It is Sunday, and Mike and his new bride, Valerie, are up visiting Mike’s family for the weekend. Mike is a physics major and has just finished finals. He is looking forward to some much needed freedom, as well as catching up on neglected chores. Although Mike’s parents typically plant a garden each year, this time Valerie is particularly interested in harvesting her own set of vegetables. The ground was prepared last weekend, but rain has prevented them from planting, and even more rain is in the forecast for the coming week. Now is the time to plant! Unfortunately, contrary to the weather forecast, it also rained yesterday. That means today, Sunday, is likely the only day Mike and Valerie will be able to get their vegetables planted.
But Mike is concerned. He wants to keep the Sabbath Day holy. He approaches his mother and asks “Mom, is it okay to plant the vegetables today, even though it’s Sunday”? “I think it’s okay, but you should do what you feel is right.” she responds. “Do you think the vegetables will grow okay? Do you think they’ll be safe for us to eat”? Mike asks innocently. “Why wouldn’t they be”? mom questions. “Well, because, you know, we’re planting them on Sunday”?
Mike’s mom smiles a little at this, but recognizing the innocent nature of the question responds “You know Mike, in today’s global economy there’s a good chance some of the vegetables you buy at the store were planted, nourished, or even harvested on Sunday. And yet they grew large and ripe, and you don’t get sick when you eat them.” Still a bit apprehensive, but feeling more confident, Mike and Valerie proceed to plant the garden on Sunday after church.
Mormonism has its roots in the magical worldview. While this worldview has been molded and shaped, and is admittedly less prominent than in times past, it still carries on in subtle ways. I admit that I shared this worldview, in similarly subtle ways, before my faith crisis. Perhaps some of this is nothing more than innocence of youth, or one’s choice of friends, or one’s longing to be a dedicated Saint, etc. But I think the language we use in church settings encourages this worldview, and sets our youth (and adults in many cases) up for disappointment, and disaffection.
Recently, in priesthood opening exercises, a councilor from the Stake Presidency was giving us a special message. The Stake Presidency had been in our ward that day, and we had already heard from the Stake President. The topic was missionary work, and the presidency was emphasizing the goals of our stake to share the Gospel with more people. Specifically, this particular goal was for each member to invite at least one person to hear the missionary discussions each month. The Stake President, in sacrament meeting, had recapitulated this goal, and testified he had, since stake conference (when the goals were set), met this goal. The councilor, in priesthood opening exercises, also had met this goal, but admitted all his invitations had been turned down. The councilor then said (paraphrasing) “I testify that as we live righteously, and strive to complete the goals our Stake President has set for us, the Lord will place people in our path who are ready to hear the Gospel.”
I think this type of promise is a fairly common one. We promise, and testify of many great things that will happen if we are obedient to God’s commandments. Paying tithing, keeping the Word of Wisdom, reading scriptures daily, all have associated promises from the Lord. Because the promised blessings are vague, however, if one obeys a commandment, they have license to claim anything they want as a direct blessing from God. It is certainly a valid claim that one has financial success because he/she paid tithing. This may or may not be supported by reality but the claim, at least according to scripture, is a valid one.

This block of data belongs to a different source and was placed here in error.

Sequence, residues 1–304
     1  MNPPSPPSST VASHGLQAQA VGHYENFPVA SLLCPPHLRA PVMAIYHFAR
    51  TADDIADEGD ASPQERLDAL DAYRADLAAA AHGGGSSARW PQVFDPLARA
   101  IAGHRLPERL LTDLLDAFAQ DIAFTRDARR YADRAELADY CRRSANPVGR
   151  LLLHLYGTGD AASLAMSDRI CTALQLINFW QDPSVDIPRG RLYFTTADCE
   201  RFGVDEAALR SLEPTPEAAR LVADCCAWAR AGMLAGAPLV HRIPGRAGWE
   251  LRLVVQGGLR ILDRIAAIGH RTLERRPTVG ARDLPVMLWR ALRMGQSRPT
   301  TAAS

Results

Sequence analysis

From D&C 130:
20 There is a law, irrevocably decreed in heaven before the foundations of this world, upon which all blessings are predicated-
21 And when we obtain any blessing from God, it is by obedience to that law upon which it is predicated.
In logic, these scripture verses can be taken as sufficient and necessary conditions. That is, obtaining a blessing from God implies we obeyed the corresponding law. And similarly, if we obey the law, we receive the blessing. This works in the negative as well. If we do not obey the law, we won’t get the blessing, and, worst of all, if we don’t get the blessing we didn’t obey the law.
These two verses, along with misinterpretations of “blessings” and “laws” upon which blessings are predicated, coupled with the vernacular of grand promises in our meetings, gives rise to the magical worldview.
Having said that, I actually think the solution to squelching the magical worldview (if it indeed ought to be squelched) is also found in those same verses. It is up to us to appropriately understand which laws are associated with any particular blessing. Financial success (blessing) is not predicated on tithing. Rather, it is based on making sound financial decisions, wise investment, saving, and thrift (law). Growing large, ripe, non-poisonous vegetables (blessing) is based on watering, healthy soil, proper sunlight, and other proper growing conditions (law). Additionally, spiritual growth, particularly in the Mormon context, may be predicated upon adherence to tithing, keeping the Sabbath Day holy, fasting, etc.
I think as we more closely scrutinize the blessings and associated laws, our tendency to make grand promises for physical life, predicated upon adherence to spiritual laws, will decrease, thereby diminishing the magical worldview.
What say you? Is the magical worldview a setup for disappointment and/or disaffection? What do you think causes it and what can be done to diminish its significance in the lives of people?